The European Commission and the European Economic and Social Committee are launching the call for expressions of interest to participate to the 3rd meeting of the European Migration Forum, which will take place on 2-3 March 2017. The European Migration Forum is a platform for dialogue between civil society and the European institutions on issues relating to migration, asylum and the integration of third-country nationals. The topic of the Forum will be ‘Access: Migrants' access to the EU, to rights and to services’. The event will include workshops, discussion islands and other opportunities to participate in the debate. Selected participants will have their travel and accommodation covered by the European Commission. To apply, click here. For more information on the European Migration Forum, click here.
Jose Antonio Vargas, an undocumented journalist living in the United States launched the multimedia platform 'Emerging Us' in September 2016 which aims to explore race, migration and American identity through articles, videos, interviews and partnerships with other news organisations. The platform also links migration to race, gender, class and LGBTQ issues. Among others, Emerging Us cooperated with the Los Angeles Magazine and produced a video entitled 'What would LA be like without immigrants?'. Jose Antonio Vargas was awarded the Pulitzer Prize for his coverage of the shootings at Virginia Tech University in the US. In 2011 he made his irregular status public. To find out more about Emerging Us, click here.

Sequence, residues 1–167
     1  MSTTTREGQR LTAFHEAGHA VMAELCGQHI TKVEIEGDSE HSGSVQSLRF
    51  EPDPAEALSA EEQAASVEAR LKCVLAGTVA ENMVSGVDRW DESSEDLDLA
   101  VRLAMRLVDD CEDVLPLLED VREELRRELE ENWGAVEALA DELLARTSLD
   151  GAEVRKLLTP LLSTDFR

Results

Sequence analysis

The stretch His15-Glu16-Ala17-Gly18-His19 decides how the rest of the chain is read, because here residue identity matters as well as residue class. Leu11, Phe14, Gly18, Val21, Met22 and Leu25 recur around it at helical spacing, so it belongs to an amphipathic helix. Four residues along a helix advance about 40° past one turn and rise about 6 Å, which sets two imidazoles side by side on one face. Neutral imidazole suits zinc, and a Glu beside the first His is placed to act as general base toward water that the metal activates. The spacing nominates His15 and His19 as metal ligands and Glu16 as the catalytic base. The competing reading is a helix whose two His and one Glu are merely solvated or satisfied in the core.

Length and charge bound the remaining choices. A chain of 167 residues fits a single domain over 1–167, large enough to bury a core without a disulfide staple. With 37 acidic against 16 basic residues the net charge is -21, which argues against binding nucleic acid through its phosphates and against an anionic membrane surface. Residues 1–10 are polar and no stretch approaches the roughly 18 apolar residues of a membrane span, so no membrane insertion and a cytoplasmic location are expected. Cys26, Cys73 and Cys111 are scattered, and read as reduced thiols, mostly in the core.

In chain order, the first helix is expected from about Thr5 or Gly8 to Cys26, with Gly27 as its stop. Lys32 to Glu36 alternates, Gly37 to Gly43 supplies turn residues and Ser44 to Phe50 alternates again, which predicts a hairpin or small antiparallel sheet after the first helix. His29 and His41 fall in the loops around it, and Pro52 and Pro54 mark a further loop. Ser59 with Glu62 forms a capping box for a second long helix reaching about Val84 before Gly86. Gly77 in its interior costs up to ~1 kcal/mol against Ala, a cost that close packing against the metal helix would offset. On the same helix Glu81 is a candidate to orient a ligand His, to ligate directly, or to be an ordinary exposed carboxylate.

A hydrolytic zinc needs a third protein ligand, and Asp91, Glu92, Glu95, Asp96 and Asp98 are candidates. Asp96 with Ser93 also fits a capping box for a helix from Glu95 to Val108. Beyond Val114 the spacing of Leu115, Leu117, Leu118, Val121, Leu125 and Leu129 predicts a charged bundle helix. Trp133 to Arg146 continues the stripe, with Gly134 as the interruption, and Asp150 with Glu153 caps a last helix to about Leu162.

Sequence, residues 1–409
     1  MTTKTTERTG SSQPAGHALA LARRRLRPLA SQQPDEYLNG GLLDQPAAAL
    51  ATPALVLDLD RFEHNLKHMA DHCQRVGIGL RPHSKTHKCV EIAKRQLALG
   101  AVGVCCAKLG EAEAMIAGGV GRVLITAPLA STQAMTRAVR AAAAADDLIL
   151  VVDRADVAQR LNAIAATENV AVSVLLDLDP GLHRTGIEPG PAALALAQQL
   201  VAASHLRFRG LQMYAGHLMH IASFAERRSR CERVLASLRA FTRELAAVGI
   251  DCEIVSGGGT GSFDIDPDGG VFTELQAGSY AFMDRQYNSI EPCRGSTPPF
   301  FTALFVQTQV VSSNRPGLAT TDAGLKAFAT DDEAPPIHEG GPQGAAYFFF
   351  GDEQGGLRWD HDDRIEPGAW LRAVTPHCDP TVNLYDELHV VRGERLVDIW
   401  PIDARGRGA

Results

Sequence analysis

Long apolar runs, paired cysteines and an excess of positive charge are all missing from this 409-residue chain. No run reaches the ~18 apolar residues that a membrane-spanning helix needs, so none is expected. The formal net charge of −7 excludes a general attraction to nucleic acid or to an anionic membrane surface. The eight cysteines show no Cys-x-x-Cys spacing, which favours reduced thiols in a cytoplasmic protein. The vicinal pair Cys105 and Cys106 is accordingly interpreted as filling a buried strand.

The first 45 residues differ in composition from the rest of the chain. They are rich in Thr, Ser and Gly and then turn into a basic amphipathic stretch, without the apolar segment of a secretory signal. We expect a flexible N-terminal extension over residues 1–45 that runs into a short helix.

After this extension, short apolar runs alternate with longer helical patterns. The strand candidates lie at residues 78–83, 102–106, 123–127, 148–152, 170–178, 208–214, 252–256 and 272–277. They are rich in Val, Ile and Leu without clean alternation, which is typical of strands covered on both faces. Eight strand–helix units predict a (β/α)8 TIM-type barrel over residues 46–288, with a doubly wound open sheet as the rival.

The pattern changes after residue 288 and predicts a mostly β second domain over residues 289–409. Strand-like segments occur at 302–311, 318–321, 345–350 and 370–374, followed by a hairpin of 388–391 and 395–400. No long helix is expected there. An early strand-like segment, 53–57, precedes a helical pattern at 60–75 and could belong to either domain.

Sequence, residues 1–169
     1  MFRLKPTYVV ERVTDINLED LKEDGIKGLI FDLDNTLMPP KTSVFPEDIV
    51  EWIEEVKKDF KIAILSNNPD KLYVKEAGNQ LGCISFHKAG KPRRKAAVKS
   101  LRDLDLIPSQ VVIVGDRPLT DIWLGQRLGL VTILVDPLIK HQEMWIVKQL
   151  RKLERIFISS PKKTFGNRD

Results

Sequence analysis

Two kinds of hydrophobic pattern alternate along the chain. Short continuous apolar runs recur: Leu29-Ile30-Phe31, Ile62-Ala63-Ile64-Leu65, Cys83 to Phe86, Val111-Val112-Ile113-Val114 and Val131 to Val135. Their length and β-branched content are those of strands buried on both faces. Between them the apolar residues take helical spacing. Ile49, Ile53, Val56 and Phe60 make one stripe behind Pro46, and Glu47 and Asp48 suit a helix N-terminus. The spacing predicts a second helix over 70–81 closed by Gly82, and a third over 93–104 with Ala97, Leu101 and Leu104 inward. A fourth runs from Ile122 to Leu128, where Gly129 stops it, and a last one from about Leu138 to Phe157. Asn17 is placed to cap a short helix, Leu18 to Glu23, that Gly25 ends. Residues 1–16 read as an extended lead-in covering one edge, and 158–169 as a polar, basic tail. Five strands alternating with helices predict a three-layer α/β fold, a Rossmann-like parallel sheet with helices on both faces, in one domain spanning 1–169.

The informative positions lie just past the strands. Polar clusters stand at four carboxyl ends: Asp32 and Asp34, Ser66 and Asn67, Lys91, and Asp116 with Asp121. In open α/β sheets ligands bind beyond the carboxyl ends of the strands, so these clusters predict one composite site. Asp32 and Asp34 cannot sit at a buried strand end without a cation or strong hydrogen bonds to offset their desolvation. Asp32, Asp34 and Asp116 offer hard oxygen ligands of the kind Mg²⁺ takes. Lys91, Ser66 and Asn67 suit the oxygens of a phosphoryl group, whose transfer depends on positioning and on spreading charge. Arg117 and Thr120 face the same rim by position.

To commemorate International Migrants Rights Day, the Global Campaign to End Child Immigration Detention will hold a webinar on 16 December at 3 p.m. (CET) on challenges and opportunities around ending child detention. Speakers include François Crépeau, United Nations Special Rapporteur on the human rights of migrants; Roland Adjovi, Chair, United Nations Working Group on Arbitrary Detention; Pablo Ceriani, Vice-Chair, United Nations Committee on Migrant Workers, and Michele Levoy, Director, Platform for International Cooperation on Undocumented Migrants (PICUM). The panel will be followed by a half-hour open discussion of participants. The online discussion is free of charge and open to the public. Online participants may send questions in via the chat function in the webinar, or via Twitter, using the hashtag #MigrantRights.To register and for more information, click here.
With contributions from Marta Llonch (PICUM Trainee), Sofia Al Bidir (PICUM Intern) and Heidi Nihtilä (PICUM volunteer)